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Butterfly release to honor memory of Nederland teen lost to suicide, creation of non-profit

It’s been three years since Nederland High School student Zaria Kennedy took her own life. To honor her and the non-profit created in her memory, community members will join together Wednesday at the Port Arthur YMCA as Zaria’s Footsteps hosts a butterfly release.

Zaria Kennedy

“On (March 24, 2018), the YMCA is where I did Zaria’s Circle of Grief,” said her mother, Kandice Kennedy. “I had licensed therapists there and 70 kids from different school districts. I found it very fitting to commemorate that day.”

Zaria was 16 when she committed suicide on Valentine’s Day in 2018. The outgoing teen with a spirit for giving displayed no warning signs.

“I do know for a fact that the birth control implant she had can create suicidal thoughts,” Kandice said. “She had an appointment two days later to get it taken out. All she kept saying was that she had a headache.”

Kandice describes her daughter as an old soul who loved school and lived to give to others.

At the age of 8, she created Za-Za’s Cure for Cancer and started collecting metal tabs.

“When Zaria turned them in, they gave her $10. She looked at that man and said, ‘This is not going to cure anything, sir,” her mother said while laughing. “He ended up giving her $100 just because she was so determined.”

Later she would spend her summers selling snacks to raise money to feed the homeless. She volunteered where she could. And one Christmas, instead of presents, she asked for money to make gift baskets for nursing home patients.

Her goal was to become a nurse practitioner.

“She always had it in her. She had a smile that was infectious,” Kandice said.

Less than one month after Zaria’s death, her mother created the non-profit Zaria’s Footsteps to help continue her daughter’s legacy of community service, while also serving as a suicide prevention organization.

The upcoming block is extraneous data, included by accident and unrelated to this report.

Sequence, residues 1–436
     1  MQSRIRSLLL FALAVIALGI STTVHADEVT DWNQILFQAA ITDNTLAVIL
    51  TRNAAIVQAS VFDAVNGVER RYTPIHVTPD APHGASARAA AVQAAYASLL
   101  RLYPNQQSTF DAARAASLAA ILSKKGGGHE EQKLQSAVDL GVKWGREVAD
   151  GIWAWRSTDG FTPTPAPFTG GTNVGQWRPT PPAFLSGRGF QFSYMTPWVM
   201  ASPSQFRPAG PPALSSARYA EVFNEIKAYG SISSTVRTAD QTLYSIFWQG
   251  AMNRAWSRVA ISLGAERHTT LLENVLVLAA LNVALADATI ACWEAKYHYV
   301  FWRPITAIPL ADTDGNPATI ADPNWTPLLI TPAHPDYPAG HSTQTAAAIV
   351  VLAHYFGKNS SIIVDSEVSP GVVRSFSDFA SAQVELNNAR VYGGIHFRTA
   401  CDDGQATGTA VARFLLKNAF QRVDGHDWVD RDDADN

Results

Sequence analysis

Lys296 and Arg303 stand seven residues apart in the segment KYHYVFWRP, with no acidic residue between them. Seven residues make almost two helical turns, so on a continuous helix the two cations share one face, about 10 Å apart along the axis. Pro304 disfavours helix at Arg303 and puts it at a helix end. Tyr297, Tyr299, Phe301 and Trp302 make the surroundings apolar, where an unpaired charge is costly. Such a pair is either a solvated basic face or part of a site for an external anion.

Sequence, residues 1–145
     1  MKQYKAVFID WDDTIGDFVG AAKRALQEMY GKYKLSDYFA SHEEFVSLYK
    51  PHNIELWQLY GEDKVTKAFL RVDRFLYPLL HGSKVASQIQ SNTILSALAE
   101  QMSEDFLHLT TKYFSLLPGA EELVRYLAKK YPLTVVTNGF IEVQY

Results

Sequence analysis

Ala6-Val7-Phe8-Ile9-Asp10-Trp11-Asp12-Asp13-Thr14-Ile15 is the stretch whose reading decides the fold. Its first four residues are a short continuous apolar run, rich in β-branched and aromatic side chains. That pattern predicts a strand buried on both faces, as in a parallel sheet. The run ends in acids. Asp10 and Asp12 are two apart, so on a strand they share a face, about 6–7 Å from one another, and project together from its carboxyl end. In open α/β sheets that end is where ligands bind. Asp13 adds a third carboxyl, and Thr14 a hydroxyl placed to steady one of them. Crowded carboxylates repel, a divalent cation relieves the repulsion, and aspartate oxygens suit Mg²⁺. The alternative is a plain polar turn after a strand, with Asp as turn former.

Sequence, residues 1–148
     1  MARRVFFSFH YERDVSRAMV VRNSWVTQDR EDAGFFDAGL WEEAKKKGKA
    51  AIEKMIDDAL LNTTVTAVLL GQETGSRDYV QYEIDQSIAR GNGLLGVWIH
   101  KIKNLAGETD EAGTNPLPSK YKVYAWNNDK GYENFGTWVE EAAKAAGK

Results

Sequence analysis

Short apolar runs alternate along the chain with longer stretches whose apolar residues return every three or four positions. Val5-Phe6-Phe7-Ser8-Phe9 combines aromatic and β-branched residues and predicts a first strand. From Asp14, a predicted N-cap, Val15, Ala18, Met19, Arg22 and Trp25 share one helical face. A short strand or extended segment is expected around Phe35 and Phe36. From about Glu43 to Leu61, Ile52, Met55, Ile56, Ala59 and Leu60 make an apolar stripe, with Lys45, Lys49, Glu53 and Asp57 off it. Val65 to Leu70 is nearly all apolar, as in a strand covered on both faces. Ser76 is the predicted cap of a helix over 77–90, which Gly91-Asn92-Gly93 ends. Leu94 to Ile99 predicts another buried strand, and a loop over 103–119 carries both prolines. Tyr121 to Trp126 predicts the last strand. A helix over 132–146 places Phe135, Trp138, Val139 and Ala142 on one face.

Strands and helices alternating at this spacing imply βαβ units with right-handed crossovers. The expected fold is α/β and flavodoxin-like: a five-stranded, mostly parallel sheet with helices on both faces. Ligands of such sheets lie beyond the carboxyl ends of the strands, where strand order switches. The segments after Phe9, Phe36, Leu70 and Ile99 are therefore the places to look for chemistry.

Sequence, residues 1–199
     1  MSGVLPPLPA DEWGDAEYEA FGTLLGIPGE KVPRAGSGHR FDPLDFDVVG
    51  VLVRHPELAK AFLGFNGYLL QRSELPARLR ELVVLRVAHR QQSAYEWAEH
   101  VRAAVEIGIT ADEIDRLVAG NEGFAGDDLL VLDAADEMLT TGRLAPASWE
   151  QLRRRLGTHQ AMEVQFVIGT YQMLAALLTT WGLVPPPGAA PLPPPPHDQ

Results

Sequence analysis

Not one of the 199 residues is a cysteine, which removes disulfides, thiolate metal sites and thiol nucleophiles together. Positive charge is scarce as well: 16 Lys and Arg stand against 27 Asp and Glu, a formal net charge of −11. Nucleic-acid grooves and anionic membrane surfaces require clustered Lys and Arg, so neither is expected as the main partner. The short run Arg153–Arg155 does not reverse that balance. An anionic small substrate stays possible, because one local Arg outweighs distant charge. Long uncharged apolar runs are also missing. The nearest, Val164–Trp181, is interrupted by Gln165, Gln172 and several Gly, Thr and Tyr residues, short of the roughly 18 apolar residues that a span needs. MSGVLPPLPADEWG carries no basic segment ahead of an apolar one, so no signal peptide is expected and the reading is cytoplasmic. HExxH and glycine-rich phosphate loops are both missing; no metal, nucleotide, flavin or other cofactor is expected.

In addition to the butterfly release, six free therapy sessions will be given out at Wednesday’s event, where Kandice will debut the 501(c)3’s new hotline number: 1-877-ZARIA16 (921-4216). She also plans to open a “Rage Room,” designed to help people take out their frustrations.

“I went and it felt great,” she said. “I was like, ‘This is the best therapy I’ve ever had.’ I paid for 10 minutes and only did seven.”

With so many losses suffered since the onset of the pandemic, Kandice said, now is a crucial time to pay attention to mental health.

“Right now everyone is experiencing some type of anxiety or depression in their life, they just may not know what it is,” she added. “Am I being the right kind of parent? Am I in the right school district? Is my career taking too much? Why didn’t I make the team? Why is my best friend not talking to me? Add the pandemic on top of it and it doubles.

“Grief comes in different levels – loss of a person, loss of payments, loss of relationships. All of these things come into play. That’s grief. That’s loss.”

The YMCA is located at 6760 9th Avenue. The event is scheduled to begin at 4 p.m.